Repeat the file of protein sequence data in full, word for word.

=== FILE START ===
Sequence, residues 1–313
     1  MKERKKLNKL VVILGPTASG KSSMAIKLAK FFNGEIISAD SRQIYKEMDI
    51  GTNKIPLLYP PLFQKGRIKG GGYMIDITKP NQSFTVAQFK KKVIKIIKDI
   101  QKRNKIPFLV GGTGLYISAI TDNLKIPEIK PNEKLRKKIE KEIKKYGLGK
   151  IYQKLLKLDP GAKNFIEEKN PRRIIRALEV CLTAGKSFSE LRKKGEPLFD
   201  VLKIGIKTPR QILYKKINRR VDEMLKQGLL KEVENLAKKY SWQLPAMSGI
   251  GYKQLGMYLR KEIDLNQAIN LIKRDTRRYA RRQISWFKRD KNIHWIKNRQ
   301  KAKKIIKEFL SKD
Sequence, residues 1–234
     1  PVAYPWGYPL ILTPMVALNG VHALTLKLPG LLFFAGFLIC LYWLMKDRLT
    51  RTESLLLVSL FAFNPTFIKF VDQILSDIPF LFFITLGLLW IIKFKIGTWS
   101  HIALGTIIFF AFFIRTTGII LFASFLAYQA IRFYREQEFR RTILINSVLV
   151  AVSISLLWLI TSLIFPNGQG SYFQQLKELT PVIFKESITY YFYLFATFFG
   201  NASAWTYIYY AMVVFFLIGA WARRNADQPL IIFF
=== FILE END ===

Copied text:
Sequence, residues 1–313
     1  MKERKKLNKL VVILGPTASG KSSMAIKLAK FFNGEIISAD SRQIYKEMDI
    51  GTNKIPLLYP PLFQKGRIKG GGYMIDITKP NQSFTVAQFK KKVIKIIKDI
   101  QKRNKIPFLV GGTGLYISAI TDNLKIPEIK PNEKLRKKIE KEIKKYGLGK
   151  IYQKLLKLDP GAKNFIEEKN PRRIIRALEV CLTAGKSFSE LRKKGEPLFD
   201  VLKIGIKTPR QILYKKINRR VDEMLKQGLL KEVENLAKKY SWQLPAMSGI
   251  GYKQLGMYLR KEIDLNQAIN LIKRDTRRYA RRQISWFKRD KNIHWIKNRQ
   301  KAKKIIKEFL SKD
Sequence, residues 1–234
     1  PVAYPWGYPL ILTPMVALNG VHALTLKLPG LLFFAGFLIC LYWLMKDRLT
    51  RTESLLLVSL FAFNPTFIKF VDQILSDIPF LFFITLGLLW IIKFKIGTWS
   101  HIALGTIIFF AFFIRTTGII LFASFLAYQA IRFYREQEFR RTILINSVLV
   151  AVSISLLWLI TSLIFPNGQG SYFQQLKELT PVIFKESITY YFYLFATFFG
   201  NASAWTYIYY AMVVFFLIGA WARRNADQPL IIFF